Allyson sang superbly during her last Seattle visit. She returns, touring behind her strongest record in years, Footprints (Concord), a disc that confirms her tomboyish timbre has matured into a voice redolent of chilled smoke. Singer Nancy King, an underrated treasure, joins Allyson for a few duets Friday and Saturday. Through Sun Sept 17. Jazz Alley, 2033 Sixth Ave, 441-9729, sets at 7:30 and 9:30 pm, $22.50/$24.50.

Most artists I know loathe the term "collage," as it usually conjures images of kindergartners daubing paint instead of jarring, surgically razored constructions like Max Ernst's surrealist masterwork, La femme 100 têtes. Wobbly's 2003 disc Wild Why (Tigerbeat6) is a frenetic, tour-de-force cut-up of corporate hiphop recorded off the radio, revealing his expert collage technique. This Bay Area—based performer brings a slew of gear, including samplers, lap steel guitar, and "one local weather forecasting vocalist" to perform sections from his next three albums. Yours truly opens with field recordings and small electronics. Gallery 1412, 1412 18th Ave, 322-1533, 8 pm, $5—$15 sliding scale donation.


A strange chasm persists in electronic music. While most musicians apply the sound-transforming and sequencing techniques pioneered in the late 1940s and '50s by Pierre Schaeffer, Karlheinz Stockhausen, Pierre Henry, et al. to the usual templates of popular music—four-beat rhythms and phrases as well as consistent tempi, timbral allocation, and dynamic range—too few understand that the wild-eyed mission of those innovators was to transform music itself. This festival follows its predecessors, such as the 1997 electronic-music cavalcade Electromuse One, by including a little of everything. An alluring quadruple bill graces the Experimental Showcase: Two leaders of the microsound movement, Richard Chartier and Taylor Deupree, along with a pair of locals, Yann Novak and Son of Rose. Broadway Performance Hall, 1625 Broadway, 325-6500, 6:30—10 pm, $15.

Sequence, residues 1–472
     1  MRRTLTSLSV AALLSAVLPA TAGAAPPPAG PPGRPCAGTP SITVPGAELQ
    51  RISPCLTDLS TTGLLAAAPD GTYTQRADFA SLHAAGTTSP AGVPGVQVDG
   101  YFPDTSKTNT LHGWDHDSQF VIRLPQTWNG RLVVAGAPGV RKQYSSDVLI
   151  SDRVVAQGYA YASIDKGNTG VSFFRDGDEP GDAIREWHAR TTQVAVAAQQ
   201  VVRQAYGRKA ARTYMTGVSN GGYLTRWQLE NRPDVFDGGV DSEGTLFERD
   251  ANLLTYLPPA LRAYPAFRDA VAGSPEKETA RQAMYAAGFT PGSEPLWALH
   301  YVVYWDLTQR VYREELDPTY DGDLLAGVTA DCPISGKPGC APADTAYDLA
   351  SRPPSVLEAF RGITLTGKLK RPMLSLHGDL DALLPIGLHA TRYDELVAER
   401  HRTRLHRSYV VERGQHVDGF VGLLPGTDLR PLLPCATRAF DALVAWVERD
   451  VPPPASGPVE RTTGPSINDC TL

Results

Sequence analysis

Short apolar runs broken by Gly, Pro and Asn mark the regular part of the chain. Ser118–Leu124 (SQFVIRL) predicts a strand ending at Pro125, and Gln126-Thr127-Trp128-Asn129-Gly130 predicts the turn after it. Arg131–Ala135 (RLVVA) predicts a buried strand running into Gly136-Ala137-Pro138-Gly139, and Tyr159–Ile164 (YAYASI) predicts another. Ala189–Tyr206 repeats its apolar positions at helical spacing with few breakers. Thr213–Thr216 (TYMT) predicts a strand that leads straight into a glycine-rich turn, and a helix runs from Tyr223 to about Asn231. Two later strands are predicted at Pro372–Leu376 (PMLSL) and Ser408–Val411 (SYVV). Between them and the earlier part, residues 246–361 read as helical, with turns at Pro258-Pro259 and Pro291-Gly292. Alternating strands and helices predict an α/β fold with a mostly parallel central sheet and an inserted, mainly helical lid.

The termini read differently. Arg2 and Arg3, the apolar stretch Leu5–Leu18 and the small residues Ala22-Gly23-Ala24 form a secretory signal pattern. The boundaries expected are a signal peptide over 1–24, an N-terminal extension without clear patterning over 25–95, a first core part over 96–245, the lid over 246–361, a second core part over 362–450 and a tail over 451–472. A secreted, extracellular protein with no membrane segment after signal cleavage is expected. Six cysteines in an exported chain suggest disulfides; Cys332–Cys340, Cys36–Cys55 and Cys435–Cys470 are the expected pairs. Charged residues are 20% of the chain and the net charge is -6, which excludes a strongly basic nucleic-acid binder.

Gerry Schwarz leads the band in the opening-night festivities. On the program: Rossini's William Tell overture, the "Triumphal March and Ballet" from Verdi's Aida, and pianist Lang Lang (pronounced "long long"), who sallies through Rachmaninoff's Rhapsody on a Theme of Paganini. I'm mainly interested in Respighi's 1924 tone poem The Pines of Rome (1924); the third section, "The Pines of Janiculum," calls for a gramophone recording of a nightingale, preferably a specific 78 rpm record issued by the Concert Record Gramophone Company. Apparently the publisher supplies the same recording, but on CD. I wonder, did Respighi want the bird's melodious chirping to emanate from the funnel-like gramophone horn placed among the orchestra? Or is diffusion through a PA acceptable? Have the possible pops and probable rumble of the original shellac disc been smoothed out by software? Benaroya Hall, 200 University St, 215-4747, 7 pm, $26—$100.


SWOJO collaborates with Jill Townsend, a Vancouver, BC, based bandleader whose fine arrangements glow with dusky chords and Gil Evans—influenced voicings. Triple Door, 216 Union St, 838-4333, 7:30 pm, $13—$20.